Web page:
This statue of Father Junipero Serra was given to the National Statuary Hall Collection by California in 1931. He is recognized as one of the most important Spanish missionaries in the New World.
Given by California in 1931
National Statuary Hall
Father Junipero Serra (Miguel Jose Serra) was born in Majorca on November 24, 1713, he joined the Franciscan Order at the age of 16. He soon gained prominence as an eloquent preacher and eventually became a professor of theology. His dream was to become a missionary to America. He arrived in Mexico City in 1750 to begin this new life.
In 1769 he established a mission at the present site of San Diego, California, the first of a number that would include San Antonio, San Buenaventura, San Carlos, San Francisco de Assisi, San Gabriel, San Juan Capistrano, San Luis Obispo, and Santa Clara. This was a herculean task considering that Father Serra was already in his fifties and suffered from a chronic ulcerated condition in one leg. Serra was ascetic and uncompromising in his zeal to convert the Indians to Christianity and to make his missions self sufficient. Inhabitants built their own homes, spun wool for garments, and pursued careers as masons, carpenters, blacksmiths, and millers; thousands of barrels of grain were kept in reserve supply, and herds of cattle, sheep, horses, and swine were maintained.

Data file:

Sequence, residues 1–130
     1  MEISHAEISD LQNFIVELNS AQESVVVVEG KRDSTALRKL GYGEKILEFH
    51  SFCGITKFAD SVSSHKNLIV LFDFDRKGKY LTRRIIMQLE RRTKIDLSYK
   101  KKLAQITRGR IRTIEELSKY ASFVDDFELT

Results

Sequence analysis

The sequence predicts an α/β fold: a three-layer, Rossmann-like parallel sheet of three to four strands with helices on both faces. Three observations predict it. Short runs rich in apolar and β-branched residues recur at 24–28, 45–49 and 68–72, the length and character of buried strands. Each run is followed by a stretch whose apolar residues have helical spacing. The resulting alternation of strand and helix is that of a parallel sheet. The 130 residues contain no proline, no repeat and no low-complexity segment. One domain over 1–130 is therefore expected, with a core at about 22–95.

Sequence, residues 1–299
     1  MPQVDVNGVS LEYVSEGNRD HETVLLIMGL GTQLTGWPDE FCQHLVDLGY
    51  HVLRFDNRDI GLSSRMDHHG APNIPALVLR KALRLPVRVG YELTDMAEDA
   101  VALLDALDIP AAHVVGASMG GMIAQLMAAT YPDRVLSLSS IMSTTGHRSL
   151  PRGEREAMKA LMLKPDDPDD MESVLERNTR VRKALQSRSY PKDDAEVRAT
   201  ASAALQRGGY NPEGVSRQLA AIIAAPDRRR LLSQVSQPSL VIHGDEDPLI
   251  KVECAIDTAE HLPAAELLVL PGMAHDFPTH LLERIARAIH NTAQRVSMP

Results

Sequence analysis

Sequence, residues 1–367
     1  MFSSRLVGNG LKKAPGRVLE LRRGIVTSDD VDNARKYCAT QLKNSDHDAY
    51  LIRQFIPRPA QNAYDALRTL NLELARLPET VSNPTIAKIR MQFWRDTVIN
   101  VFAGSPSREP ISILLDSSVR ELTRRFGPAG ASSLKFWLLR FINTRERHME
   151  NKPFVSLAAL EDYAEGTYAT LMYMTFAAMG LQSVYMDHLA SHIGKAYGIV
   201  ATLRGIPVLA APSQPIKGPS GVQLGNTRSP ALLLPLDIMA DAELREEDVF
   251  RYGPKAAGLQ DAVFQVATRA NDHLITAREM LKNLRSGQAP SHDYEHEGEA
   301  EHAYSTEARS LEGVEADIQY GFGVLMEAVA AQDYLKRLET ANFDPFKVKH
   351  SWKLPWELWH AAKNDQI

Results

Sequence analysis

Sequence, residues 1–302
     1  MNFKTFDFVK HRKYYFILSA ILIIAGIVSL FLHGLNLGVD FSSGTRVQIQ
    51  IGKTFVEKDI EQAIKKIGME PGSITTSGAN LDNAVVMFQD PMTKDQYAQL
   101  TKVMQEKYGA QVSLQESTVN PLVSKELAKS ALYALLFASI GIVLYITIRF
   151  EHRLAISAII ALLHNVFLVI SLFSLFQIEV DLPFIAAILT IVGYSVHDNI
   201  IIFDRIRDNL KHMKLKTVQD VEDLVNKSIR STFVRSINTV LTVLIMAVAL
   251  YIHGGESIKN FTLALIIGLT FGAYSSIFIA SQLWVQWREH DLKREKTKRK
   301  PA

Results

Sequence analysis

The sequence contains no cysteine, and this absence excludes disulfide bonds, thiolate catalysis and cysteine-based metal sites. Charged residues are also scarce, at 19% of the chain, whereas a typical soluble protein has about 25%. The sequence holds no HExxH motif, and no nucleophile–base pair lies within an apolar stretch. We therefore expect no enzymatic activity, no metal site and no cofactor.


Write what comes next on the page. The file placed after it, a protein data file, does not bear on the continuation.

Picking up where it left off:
The ulcerated condition of Serra's leg eventually spread to his chest. At the age of 71, aware of his deterioration, he made a final visit to his missions. The well-known and beloved missionary died in Monterey, California, on August 28, 1784; his missions continued to flourish for another 50 years.